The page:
A role for the endocannabinoid system in exercise-induced spatial memory enhancement in mice
Article first published online: 18 OCT 2013
Copyright © 2013 Wiley Periodicals, Inc.
Volume 24, Issue 1, pages 79–88, January 2014
How to Cite
Ferreira-Vieira, T. H., Bastos, C. P., Pereira, G. S., Moreira, F. A. and Massensini, A. R. (2014), A role for the endocannabinoid system in exercise-induced spatial memory enhancement in mice. Hippocampus, 24: 79–88. doi: 10.1002/hipo.22206
- Issue published online: 10 DEC 2013
- Article first published online: 18 OCT 2013
- Accepted manuscript online: 1 OCT 2013 08:21AM EST
- Manuscript Accepted: 9 SEP 2013
- CNPq, FAPEMIG, CAPES, and Pró Reitoria de Pesquisa/UFMG
- fatty acid amide hydrolase;
- cannabinoid receptor;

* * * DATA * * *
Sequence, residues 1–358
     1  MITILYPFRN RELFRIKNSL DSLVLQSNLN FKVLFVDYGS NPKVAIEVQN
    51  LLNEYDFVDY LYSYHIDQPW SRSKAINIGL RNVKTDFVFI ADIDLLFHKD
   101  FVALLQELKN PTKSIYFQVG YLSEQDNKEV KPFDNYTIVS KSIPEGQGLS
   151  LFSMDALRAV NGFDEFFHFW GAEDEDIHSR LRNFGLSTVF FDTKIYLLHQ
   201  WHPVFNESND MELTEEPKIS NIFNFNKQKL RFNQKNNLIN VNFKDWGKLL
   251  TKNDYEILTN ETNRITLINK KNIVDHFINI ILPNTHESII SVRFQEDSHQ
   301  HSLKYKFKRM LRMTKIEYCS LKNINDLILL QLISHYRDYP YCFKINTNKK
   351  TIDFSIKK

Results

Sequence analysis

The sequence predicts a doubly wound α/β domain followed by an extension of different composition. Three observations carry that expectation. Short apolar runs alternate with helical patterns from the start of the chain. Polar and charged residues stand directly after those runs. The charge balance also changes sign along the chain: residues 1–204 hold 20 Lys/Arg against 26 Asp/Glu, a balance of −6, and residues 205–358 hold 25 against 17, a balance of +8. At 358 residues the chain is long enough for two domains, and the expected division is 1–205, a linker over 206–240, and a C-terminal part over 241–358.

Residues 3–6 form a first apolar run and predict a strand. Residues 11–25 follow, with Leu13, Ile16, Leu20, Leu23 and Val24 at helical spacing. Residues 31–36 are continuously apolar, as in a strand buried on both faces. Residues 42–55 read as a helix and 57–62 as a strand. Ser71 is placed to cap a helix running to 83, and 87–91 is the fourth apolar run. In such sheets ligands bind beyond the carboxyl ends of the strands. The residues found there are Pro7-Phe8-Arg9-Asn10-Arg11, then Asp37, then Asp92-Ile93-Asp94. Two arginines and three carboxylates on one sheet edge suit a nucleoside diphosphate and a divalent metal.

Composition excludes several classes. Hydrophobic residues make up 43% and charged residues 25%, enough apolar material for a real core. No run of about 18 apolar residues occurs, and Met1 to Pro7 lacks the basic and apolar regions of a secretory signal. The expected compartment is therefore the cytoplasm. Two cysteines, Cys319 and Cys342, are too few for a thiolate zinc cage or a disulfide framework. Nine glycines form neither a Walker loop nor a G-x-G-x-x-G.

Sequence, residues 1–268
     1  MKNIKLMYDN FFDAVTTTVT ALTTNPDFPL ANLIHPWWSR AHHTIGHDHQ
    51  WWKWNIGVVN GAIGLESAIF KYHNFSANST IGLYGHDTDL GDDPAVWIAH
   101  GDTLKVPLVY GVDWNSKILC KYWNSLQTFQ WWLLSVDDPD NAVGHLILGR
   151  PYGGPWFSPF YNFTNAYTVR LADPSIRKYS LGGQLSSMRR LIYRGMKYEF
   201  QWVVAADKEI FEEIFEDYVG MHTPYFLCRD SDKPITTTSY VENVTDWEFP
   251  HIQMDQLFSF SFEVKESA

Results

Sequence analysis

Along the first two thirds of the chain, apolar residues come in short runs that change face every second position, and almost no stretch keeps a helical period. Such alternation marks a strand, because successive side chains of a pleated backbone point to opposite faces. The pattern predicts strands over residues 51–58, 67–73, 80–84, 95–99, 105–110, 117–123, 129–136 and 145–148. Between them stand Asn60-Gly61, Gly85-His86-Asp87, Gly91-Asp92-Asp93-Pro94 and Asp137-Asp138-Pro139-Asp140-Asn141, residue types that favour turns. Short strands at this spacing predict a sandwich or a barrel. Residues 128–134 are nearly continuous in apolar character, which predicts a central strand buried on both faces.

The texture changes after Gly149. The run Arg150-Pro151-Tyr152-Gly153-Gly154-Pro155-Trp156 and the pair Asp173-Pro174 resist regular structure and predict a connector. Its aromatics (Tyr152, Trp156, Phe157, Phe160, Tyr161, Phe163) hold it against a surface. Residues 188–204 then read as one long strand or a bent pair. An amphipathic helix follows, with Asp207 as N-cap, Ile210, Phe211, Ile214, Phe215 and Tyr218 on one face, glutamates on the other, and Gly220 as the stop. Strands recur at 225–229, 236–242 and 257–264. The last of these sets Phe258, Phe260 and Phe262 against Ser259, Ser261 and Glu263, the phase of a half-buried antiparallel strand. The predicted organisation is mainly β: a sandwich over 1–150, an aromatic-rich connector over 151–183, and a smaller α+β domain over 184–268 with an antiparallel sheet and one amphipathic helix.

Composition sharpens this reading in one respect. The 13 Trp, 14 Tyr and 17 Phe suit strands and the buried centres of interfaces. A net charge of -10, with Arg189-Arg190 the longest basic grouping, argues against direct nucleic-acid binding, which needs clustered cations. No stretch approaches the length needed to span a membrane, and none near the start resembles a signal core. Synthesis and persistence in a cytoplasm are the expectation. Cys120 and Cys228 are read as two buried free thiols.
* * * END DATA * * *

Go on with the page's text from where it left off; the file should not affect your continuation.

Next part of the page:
It is well known that physical exercise has positive effects on cognitive functions and hippocampal plasticity. However, the underlying mechanisms have remained to be further investigated. Here we investigated the hypothesis that the memory-enhancement promoted by physical exercise relies on facilitation of the endocannabinoid system. We observed that the spatial memory tested in the object location paradigm did not persist in sedentary mice, but could be improved by 1 week of treadmill running. In addition, exercise up-regulated CB1 receptor and BDNF expression in the hippocampus. To verify if these changes required CB1 activation, we treated the mice with the selective antagonist, AM251, before each period of physical activity. In line with our hypothesis, this drug prevented the exercise-induced memory enhancement and BDNF expression. Furthermore, AM251 reduced CB1 expression. To test if facilitating the endocannabinoid system signaling would mimic the alterations observed after exercise, we treated sedentary animals during 1 week with the anandamide-hydrolysis inhibitor, URB597. Mice treated with this drug recognized the object in a new location and have increased levels of CB1 and BDNF expression in the hippocampus, showing that potentiating the endocanabinoid system equally benefits memory. In conclusion, the favorable effects of exercise upon spatial memory and BDNF expression depend on facilitation of CB1 receptor signaling, which can be mimic by inhibition of anandamide hydrolysis in sedentary animals. Our results suggest that, at least in part, the promnesic effect of the exercise is dependent of CB1 receptor activation and is mediated by BDNF. © 2013 Wiley Periodicals, Inc.